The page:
Trained Connecticut Police Dog Searching For Forever Home
It's been two years since Flash the Dog wound up at the Harwinton Animal Control Shelter and today, she's still there waiting for a family to adopt her.
Flash has got a very interesting story. When she was found, just about two years ago, she was just a year old, very underweight, and basically a mess.
According to middletownpress.com, shortly after Flash got to the shelter, the town's Animal Control Officer, Tom Mitchell noticed that Flash wasn't like all the other dogs that passed through the shelter -- she was special.
Tom realized right away that Flash had the perfect intelligence and temperament, and thought Flash would make a great police dog.
So it was off to police school for Flash, where she got trained in both narcotics detection and suspect apprehension, which made her very useful and sought after.
A police department in Texas made a request for Flash, so it looked like good news and that Flash would be heading to the Lone Star State to start her professional career as a full fledged police dog. Unfortunately, plans in Texas fell through, and Flash remained at the Harwinton Shelter, where she still remains to this day.
Mitchel told middletownpress.com, and commented on the shelters Facebook page about Flash, and the difficulties in placing a dog like her in a new home.
It’s a difficult proposition. Since all of her extensive police training, she’s protective of her food, called resource guarding, and around people with whom she’s not familiar. She likes other dogs but can be overly reactive. Around her handler, Flash is a perfect angel, but if she doesn’t know you and you try to do something, she’s going to try and stop you. This is a machine of a dog, she will trust her handler, but she’s not going to let somebody approach whoever’s holding her on a leash.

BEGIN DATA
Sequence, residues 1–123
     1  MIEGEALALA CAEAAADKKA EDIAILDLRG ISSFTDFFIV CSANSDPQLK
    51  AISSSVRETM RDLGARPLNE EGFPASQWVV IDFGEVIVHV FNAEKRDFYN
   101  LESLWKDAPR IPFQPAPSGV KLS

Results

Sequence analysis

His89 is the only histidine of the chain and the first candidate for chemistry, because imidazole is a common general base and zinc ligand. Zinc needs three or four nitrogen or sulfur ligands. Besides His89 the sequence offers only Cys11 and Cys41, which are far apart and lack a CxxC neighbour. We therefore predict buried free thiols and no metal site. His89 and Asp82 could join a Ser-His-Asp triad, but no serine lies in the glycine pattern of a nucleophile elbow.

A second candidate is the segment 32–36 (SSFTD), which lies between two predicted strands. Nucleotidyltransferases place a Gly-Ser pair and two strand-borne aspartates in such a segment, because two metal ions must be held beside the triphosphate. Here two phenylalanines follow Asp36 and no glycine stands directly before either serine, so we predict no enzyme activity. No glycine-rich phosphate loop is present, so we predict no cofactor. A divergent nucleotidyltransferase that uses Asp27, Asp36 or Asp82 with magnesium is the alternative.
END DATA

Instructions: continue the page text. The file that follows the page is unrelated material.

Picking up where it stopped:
Here's the main issue with Flash. Since she's now three years old, the time frame for her to be picked up by a Police Department has passed. So now the shelter is looking for someone to step up and give Flash a happy life and a forever home.
Mitchell described the problem with placing Flash in a new home:
Her sheer intelligence makes her a difficult match for a potential owner. Anyone who isn’t trained sufficiently will have trouble controlling her. I do see her with a police or military veteran, someone who used to work with dogs when they were on the job. She’s amazing, I wish more people would come and meet her.
The shelter has put together a list of criteria for those who might be interested in Flash:
- Experience: Flash needs a person with experience handling a focused working dog.
- No children: Flash loves kids, but a home with children would be a “setup for a failure,” Mitchell said.
- A single-person home: Flash is great with her handler, but has been trained to guard her person.
- A military or police background: It’s not imperative, but a person who worked with dogs in the service would be best.
- No other dogs: Flash likes other dogs but can be overly reactive.
For more information, you can call the Harwinton Animal Control at (860) 485-9051, or find them on Facebook.